I guess the algorithm is based on the following note (whole notes ignored)
but perhaps the algorithm should be ‘tuned’ to look at the previous notes too as an option? At X1-X3 I think a stem down would be better (especially since there are previous notes on the middle line with the stem down). All easily fixed (hopefully we will get a Find/Filter function like in Sibelius) by flipping the stem, but perhaps an option for a future version?
(Adding similar bars to bar 2 after bar 2 makes the X1 flip down, so the algorithm is quite clever, looking forward only(?) 1 bar. Dorico is indeed a very clever program.)
There is a setting to have this always default down if that’s what you want. I’ can’t remember at this moment if it’s in notation or engraving options.
Engraving Options > Notes > Stems > Stem Directions
I almost always turn off “Determine by context” as the algorithm produces these kinds of wrong results about as often as not using it results in awkward down-stems.
Now I understand why this “contextual” stuff never felt good for me.
I was raised in an “always stem down” culture in Austria, and those oddities made it so much harder to understand why anybody would want that
I’ve been having stem direction problems since D5. If I have an A below the B in the middle of the treble clef and I move it up using the up arrow the stem stays up all the way to the top of the staff and vice versa.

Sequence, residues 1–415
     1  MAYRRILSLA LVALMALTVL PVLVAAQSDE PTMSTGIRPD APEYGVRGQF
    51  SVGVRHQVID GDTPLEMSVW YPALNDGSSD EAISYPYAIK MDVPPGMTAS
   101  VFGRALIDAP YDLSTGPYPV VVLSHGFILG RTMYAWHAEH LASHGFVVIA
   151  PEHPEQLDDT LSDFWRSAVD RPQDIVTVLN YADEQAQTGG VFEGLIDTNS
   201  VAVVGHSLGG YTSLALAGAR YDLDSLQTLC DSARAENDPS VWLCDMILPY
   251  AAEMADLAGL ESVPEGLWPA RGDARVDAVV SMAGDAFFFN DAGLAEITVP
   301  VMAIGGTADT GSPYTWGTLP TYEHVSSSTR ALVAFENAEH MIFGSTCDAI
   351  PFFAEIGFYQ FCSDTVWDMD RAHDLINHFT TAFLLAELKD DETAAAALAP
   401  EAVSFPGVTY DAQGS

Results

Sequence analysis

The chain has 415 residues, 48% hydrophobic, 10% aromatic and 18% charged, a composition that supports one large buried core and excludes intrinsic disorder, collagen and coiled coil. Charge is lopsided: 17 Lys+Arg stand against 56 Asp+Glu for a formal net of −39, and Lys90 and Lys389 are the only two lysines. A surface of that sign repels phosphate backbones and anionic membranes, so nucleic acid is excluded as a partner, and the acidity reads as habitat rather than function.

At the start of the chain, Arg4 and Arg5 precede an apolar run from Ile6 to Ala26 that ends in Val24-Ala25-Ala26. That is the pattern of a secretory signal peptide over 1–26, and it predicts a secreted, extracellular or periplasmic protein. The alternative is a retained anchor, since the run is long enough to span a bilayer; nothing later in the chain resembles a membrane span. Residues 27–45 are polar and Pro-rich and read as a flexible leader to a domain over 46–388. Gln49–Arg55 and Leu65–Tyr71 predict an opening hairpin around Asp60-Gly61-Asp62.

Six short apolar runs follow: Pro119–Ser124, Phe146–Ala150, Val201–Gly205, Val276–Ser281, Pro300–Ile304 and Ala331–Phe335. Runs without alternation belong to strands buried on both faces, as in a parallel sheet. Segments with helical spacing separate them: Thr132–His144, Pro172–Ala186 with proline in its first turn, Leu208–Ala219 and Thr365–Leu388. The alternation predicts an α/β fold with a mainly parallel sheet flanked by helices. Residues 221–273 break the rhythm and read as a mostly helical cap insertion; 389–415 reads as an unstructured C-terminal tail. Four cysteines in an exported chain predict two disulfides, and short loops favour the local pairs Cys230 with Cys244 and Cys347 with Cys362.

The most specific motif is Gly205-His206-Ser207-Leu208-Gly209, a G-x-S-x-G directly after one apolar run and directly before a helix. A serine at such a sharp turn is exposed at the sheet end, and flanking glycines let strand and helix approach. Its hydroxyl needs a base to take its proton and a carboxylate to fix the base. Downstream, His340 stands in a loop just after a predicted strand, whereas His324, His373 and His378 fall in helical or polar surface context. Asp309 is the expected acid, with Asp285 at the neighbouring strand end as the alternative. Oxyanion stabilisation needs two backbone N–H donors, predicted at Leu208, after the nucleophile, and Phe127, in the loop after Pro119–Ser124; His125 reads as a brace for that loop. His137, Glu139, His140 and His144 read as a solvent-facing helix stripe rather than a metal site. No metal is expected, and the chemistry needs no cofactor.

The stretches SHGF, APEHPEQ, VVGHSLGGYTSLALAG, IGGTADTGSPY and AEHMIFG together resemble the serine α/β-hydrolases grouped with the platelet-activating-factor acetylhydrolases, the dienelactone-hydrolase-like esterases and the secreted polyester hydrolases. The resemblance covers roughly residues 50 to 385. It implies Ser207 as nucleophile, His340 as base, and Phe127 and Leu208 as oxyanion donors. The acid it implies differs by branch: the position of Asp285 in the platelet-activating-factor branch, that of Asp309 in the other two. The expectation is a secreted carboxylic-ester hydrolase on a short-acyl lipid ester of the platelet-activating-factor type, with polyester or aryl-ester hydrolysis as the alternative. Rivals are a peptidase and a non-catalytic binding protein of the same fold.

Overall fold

Absolutely +1 from me too. I blame Gould for reintroducing this as even an acceptable option. We’ve had 50+ years of unanimity from notation manuals and style guides all saying while stems up was once acceptable here, now only stems down should be used. I don’t think this would even be under discussion without Gould saying stems up is ok.
Virtually all publishers and style guides other than Gould are in the stems down camp:
Boosey (extreme duress LOL)
Thanks as usual for the citations! Gould over-represents certain English house styles, especially OUP, that to me seem somewhat provincial. But I found this to be true of Sibelius as well, many years before Behind Bars was published.
At least we can set the option as default.
Would you prefer 1st or 2nd bar (in organ music, not vocal)?
When a slur is present I think the 2nd is a bit “neater”, but I cannot say for sure it is more correct;
What is your recommendation? Should the middle stem always be down, no matter what?
First bar for me, always. Music notation “rules” aren’t necessarily set in stone. They evolve to meet the demands of musicians, and historically it seems like most of the time they evolve to facilitate sightreading. Every little additional unnecessary eye movement, even if it’s just 1/10 of a second, slows down the sightreader.
A fixed inflection point on the staff is consistent and reliable. I don’t even need to read the note on beat 3 in the first bar of your example because I already know it’s on the third line due to the stem flipping directions from the previous note a 2nd lower. In bar 2, because this stem varies from the common practice of the last 50 years, my eye sees the note, then verifies the location with a quick scan. Obviously we’re talking about fractions of a second here, but for a sightreader they add up.